The Curse of Smarter Machines

By Michael Feldman

February 10, 2011

This upcoming Jeopardy showdown between IBM Watson and grand champions Ken Jennings and Brad Rutter should make for great TV, especially for those of us who love to see cutting-edge computers in action. But if the machine performs as promised, the spectacle will demonstrate an uncomfortable truth: as machines get more adept at human-like calculation, even highly-skilled experts could become redundant.

With the ability to understand language, learn from experience and perform sophisticated analytics, Watson aims particularly high in this regard. Although the Jeopardy contest is just a PR demonstration, IBM has its eye on moving the technology into the commercial realm for things like business intelligence, financial analytics, medical diagnostics, and a host of other lucrative applications.

The human counterparts for these types of jobs tend to be well-educated and well-compensated individuals. And these “smart” machines are not all that expensive. A computer like Watson would probably cost in the neighborhood of $5 million today. That’s hardware only — we can only imagine what IBM would charge for the software, which is the real value add here. Even at $5M-plus, being able to replace one or more five-figure salaries with a machine that can work 24/7 would still be tempting.

To be fair, the Watson technology is not at a point where it could actually take the place of a medical diagnostician or a stock portfolio manager. Rather it would act as a support tool that could greatly magnify the performance of those individuals. The idea would be for a single analyst to perform the work of a dozen.

IT writer Nicholas Carr has expounded on this subject at length in his books and online blog. His take is that the advance of information technology is displacing the modern workforce at a rapid rate, just as the industrial revolution did for manual labor in the 18th and 19th centuries. And as the machines become more sophisticated, ever more highly-skilled jobs are being threatened.

In a 2007 blog post Carr writes:

In the past information technology tended to reduce demand for low-skilled jobs but increase demand for higher-skilled specialists. Now, automation is moving up the skills ladder, as the Internet and sophisticated software combine to reduce the need for more categories of knowledge and creative workers. One has to wonder what new categories of employment will expand to absorb the losses.

In another post he zeros in on software:

[I]f you look at more recent trends, you see that software is becoming increasingly more adept at taking over work that has traditionally required relatively high skills – or even, in YouTube’s case, enabling the creation of sophisticated goods through the large-scale and automated harvesting of free labor. The next wave of “superstars” may be algorithms – and the small number of people that control them.

Carr isn’t the only one to notice this. He cites a number of economists who have hypothesized that tech advancements may be one of the primary causes of the concentration of wealth for top earners. Fed chair Ben Bernanke noted that new technologies tend to increase the productivity of highly-skilled workers, and thus their wages, compared to lower-skilled workers.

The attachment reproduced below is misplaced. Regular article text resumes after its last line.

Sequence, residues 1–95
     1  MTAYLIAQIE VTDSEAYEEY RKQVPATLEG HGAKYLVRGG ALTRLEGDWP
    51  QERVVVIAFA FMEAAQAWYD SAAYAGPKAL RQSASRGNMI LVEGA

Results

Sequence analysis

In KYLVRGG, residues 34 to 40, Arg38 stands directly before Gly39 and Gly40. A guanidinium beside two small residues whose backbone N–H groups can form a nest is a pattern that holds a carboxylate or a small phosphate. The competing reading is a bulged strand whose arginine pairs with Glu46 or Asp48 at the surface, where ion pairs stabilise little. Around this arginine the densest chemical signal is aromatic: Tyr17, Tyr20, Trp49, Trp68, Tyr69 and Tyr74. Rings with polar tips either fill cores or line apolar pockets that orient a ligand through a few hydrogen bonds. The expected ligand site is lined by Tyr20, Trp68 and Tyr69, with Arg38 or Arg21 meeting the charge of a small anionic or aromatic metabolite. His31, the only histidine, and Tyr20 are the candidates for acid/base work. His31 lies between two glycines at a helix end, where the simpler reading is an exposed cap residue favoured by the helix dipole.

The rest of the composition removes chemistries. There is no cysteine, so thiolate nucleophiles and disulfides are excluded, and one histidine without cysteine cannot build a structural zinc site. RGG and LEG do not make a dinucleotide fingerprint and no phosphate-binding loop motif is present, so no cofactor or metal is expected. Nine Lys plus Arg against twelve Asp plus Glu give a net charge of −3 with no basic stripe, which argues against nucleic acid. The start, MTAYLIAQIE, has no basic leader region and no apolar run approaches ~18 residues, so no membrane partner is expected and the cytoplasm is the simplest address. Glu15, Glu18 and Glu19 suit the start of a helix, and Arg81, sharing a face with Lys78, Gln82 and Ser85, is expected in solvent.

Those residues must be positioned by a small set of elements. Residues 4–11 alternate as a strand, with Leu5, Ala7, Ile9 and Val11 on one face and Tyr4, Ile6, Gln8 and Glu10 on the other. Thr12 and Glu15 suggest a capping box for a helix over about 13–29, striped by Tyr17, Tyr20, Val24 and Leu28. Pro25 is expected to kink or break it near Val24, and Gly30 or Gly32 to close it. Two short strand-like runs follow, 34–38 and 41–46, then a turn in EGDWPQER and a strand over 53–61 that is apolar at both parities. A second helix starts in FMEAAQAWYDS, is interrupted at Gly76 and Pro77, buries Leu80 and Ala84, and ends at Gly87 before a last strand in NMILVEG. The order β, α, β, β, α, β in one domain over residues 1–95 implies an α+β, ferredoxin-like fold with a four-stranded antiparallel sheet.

“Considerable evidence supports the view that worker skills and advanced technology are complementary,” says Bernanke. “For example, economists have found that industries and firms that spend more on research and development or invest more in information technologies hire relatively more high-skilled workers and spend a relatively larger share of their payrolls on them.”

That would suggest that we just need to develop an increasingly higher-skilled workforce to keep pace with technological innovation. But a funny thing happens on the way up the food chain. The structure is really a pyramid, with fewer and fewer positions as you approach the top. For example, if you replace a maid with a robot, a single technician would be able to maintain many robots. So you just can’t retrain the maids to be technicians. The same would go for analysts as they get displaced by smart machines.

Today many economists are concerned about how slowly employment is recovering after the Great Recession. Sure enough, as the economic slide ended, productivity surged as companies discovered new ways to run their businesses with fewer people. I suspect a lot of that productivity surge was the result of more IT deployment rather than longer work hours. In many cases, businesses cut work hours to reduce costs.

So what happened to all the displaced workers from the recession? Well many are still looking for a path back into the workforce, while others have given up entirely.

Here’s an interesting graphic from the Bureau of Labor Statistics that shows the recovery of employment after the last six economic downturns:

Although the March 2010 New York Times article that cites this graph is making a point about the lag in re-employment, the more interesting fact is that the lag times appear to be lengthening significantly with each successive recession, regardless of the severity. That would suggest that job seekers are finding it increasingly difficult to return to work with each passing year. It’s not unreasonable to imagine that the inability of workers to keep pace with technology advancements is playing a role here.

If true, at some point that lag will be so long that employment won’t recover before the next recession hits. And then what? Well, we better hope that those new categories of employment Carr wonders about will actually come to pass.

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